shed & run design
prefabricated chicken sheds
A prefabricated chicken shed is assembled at a factory and sold in a flat pack state ready to be assembled. They are mostly made of  galvanised or Colorbond steel though some are wooden. 
I think they are the most cost effective way to build a chicken shed, especially when you take into account the amount of time it takes to construct a traditional chicken shed. The other advantage is that no building skills are required to assemble them. 

Their simple design also makes them no more expensive than much smaller chicken hutches and tractors. Well worth considering if you are looking for a chicken shed for six or more chickens but haven't got the skills or the time to build it yourself.

advantages/disadvantages summary
Below are some of the different prefabricated chicken sheds that are available.  Images courtesy of the internet.

One of the smaller chicken sheds on the market.  But even a shed this size could house half a dozen chickens if setup as part of a larger chicken run.

This shed has a separate all be it somewhat small roosting section with a separate door.

On the outside of this shed there is a two bay nest box with external lid.

Galvanised steel shed with a gabled roof.
  • Easy to assemble, no building skills required.
  • Cheaper to build than a traditional chicken shed and their simple design means they are no more expensive than much smaller chicken coups or tractors.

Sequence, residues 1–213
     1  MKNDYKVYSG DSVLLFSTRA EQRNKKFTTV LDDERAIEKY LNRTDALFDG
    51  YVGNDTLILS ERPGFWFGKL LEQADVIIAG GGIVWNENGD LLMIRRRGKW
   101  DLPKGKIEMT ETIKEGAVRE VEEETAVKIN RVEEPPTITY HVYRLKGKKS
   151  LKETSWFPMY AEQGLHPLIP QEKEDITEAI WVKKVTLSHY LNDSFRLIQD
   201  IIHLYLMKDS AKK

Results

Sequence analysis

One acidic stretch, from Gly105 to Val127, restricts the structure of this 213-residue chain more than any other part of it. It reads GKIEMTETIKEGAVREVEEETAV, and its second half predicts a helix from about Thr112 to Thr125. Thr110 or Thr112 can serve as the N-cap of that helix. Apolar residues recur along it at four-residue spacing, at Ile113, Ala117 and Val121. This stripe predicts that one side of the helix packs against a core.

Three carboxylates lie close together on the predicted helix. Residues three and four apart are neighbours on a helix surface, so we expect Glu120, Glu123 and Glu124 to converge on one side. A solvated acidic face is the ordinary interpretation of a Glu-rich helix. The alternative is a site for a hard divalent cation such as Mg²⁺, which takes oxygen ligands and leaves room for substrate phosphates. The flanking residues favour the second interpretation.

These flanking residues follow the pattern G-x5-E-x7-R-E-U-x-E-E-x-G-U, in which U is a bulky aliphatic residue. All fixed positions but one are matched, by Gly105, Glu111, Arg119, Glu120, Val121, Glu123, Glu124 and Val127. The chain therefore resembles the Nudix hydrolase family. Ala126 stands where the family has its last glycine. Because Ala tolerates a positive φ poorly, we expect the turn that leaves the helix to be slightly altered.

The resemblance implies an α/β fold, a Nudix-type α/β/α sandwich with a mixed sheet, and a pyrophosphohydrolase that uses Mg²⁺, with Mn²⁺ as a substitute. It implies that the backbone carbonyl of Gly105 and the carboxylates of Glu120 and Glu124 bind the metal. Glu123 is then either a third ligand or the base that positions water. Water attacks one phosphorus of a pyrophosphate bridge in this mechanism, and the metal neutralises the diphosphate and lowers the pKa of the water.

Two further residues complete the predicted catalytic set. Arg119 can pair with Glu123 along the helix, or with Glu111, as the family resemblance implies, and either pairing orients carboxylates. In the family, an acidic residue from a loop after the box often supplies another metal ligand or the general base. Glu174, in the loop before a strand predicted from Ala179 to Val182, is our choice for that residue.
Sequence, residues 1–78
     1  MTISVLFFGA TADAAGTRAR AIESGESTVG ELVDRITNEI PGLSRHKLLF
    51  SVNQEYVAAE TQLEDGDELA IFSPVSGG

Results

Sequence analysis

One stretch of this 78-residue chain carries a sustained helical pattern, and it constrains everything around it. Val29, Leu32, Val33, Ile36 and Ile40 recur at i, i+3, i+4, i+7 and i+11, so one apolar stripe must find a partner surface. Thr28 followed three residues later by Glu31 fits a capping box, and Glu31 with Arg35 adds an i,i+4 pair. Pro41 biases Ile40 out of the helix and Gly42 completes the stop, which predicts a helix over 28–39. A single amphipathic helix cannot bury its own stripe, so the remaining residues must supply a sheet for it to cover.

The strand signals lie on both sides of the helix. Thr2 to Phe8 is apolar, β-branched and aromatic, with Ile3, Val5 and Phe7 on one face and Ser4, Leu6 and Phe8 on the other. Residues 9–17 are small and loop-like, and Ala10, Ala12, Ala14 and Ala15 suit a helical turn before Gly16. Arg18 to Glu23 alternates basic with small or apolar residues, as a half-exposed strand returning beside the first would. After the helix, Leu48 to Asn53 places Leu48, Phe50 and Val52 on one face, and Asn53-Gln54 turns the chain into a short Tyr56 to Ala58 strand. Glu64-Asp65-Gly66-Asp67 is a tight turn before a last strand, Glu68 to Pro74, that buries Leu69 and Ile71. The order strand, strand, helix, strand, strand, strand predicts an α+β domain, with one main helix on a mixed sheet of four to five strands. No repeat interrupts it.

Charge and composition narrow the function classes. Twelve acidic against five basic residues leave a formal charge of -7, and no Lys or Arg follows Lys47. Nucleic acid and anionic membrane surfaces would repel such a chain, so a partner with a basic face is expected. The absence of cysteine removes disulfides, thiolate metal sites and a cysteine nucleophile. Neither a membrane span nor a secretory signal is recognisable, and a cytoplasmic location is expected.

• The steel and Colorbond versions have much fewer cracks than wooden sheds for spider mites to hide in.
  • Because a human can stand up in them they are much easier to clean than chicken coups or tractors.
  • They can house more chickens than chicken coups or tractors.
  • While not as visually stylish as some of the wooden chicken hutches that are available they never the less have quite a neat and trim appearance.

  • None of the prefabricated chicken sheds I have seen have guttering, which means that you can't collect water off them and the water runs off the roof onto the ground right next to the shed, which can create muddy smelly conditions if it rains a lot or the drainage is poor.
  • Insulation cannot be put in the roof, which means the metal roofs can generate a lot of heat in Summer.  Though this can be alleviated by placing the shed under a tree.
  • While the larger sheds can offer enough space so the chickens can be permanently housed in them they are best run when attached to a chicken run that the chickens can access during the day, which will involve extra work to build.